You filed your taxes, and you honestly tried to do them correctly, but you're worried. What are the odds you're going to get audited? Did you make any mistakes that could trigger an audit, even if you made them honestly? Is the IRS going to come calling sooner rather than later?
These are all concerns that a lot of people deal with during tax season, and they can generate quite a bit of stress. To help you see the real picture, here are some key stats from the IRS Data Book:
1. Approximately 1 percent of those who filed individual tax returns were audited in 2012. If you're wondering strictly about the odds -- taking things like red flags and income levels out of the equation -- that's how likely it is that you could face an audit. In more recent years, it's even fallen under 1 percent.
2. The percentage jumped to 3.7 for those who reported at least $200,000 in annual income. Clearly, the IRS likes to target those with high income levels far more. That does make sense, seeing as how mistakes on those returns could cost the government more and therefore may be worth investing time and money in an audit.
3. For individuals who made $1 million or more, the percentage jumped again, this time all the way to 12 percent. The same logic holds true, meaning someone who earned $1.5M is 12 times as likely to get audited as someone who earned just $30,000.
4. Corporate audits were more likely than individual audits, coming in at 1.6 percent overall.
5. Corporations that held assets worth in excess of $10M were very likely to get audited, with 17.2 percent of the yearly tax returns generating an audit.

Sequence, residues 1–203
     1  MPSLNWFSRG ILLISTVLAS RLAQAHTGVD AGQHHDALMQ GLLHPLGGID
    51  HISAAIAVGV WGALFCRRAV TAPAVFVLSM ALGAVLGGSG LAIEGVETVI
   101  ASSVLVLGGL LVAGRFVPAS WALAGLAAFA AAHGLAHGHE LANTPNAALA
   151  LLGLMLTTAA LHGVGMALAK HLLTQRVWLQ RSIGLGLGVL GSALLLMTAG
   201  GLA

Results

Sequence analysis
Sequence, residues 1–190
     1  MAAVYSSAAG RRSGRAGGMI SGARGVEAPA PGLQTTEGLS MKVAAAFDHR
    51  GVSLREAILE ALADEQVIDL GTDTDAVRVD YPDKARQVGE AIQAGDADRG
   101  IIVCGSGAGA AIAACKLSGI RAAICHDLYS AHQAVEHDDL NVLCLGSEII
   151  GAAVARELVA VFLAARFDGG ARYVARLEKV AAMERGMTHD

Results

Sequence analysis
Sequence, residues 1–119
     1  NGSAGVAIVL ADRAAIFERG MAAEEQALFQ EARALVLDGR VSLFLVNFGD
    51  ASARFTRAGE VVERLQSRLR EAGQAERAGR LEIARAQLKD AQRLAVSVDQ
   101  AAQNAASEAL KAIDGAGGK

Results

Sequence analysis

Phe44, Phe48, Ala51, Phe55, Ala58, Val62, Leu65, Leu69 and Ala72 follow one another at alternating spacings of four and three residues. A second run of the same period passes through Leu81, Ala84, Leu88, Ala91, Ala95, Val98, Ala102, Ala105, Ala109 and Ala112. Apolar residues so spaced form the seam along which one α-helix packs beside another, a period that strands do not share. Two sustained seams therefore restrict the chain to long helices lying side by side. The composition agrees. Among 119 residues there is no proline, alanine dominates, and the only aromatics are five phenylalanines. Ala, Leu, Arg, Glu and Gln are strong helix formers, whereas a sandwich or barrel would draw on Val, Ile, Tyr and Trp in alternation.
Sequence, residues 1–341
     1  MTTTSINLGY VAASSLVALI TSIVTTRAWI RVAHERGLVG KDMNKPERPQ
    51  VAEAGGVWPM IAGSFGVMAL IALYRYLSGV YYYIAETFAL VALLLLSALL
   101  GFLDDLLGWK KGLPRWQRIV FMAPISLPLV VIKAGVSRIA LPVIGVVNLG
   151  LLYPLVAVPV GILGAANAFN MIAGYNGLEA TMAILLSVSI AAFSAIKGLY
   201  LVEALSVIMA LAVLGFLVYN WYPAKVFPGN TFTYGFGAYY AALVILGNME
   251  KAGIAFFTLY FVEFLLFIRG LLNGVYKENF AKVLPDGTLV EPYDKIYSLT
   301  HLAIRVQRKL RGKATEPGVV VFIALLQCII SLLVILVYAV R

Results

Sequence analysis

So, does this mean that the IRS thinks companies are more likely to cheat on their taxes than individuals? Not necessarily. There are a lot of things to consider, such as the total amount that the IRS stands to gain. Experts do note that the IRS tends to focus consistently on those with more income and more potentially hidden assets. Similar honest mistakes could look very different for a company that made $10M and an individual who made $40,000.
On top of that, corporate taxes are more complex. Companies may have to consider things like overseas sales, employee wages, business costs, investments, sales taxes and more. It's easier for a person who just has to copy over the information from a W-2 to do it correctly, when compared to a company with seemingly endless paperwork.
As you can see, the odds are that you won't face an audit, but it does happen to thousands of people every year. The key is not to stress out about it, but simply to understand your options and what steps you and your legal team need to take if the IRS calls.
Source: Nov. 30, -0001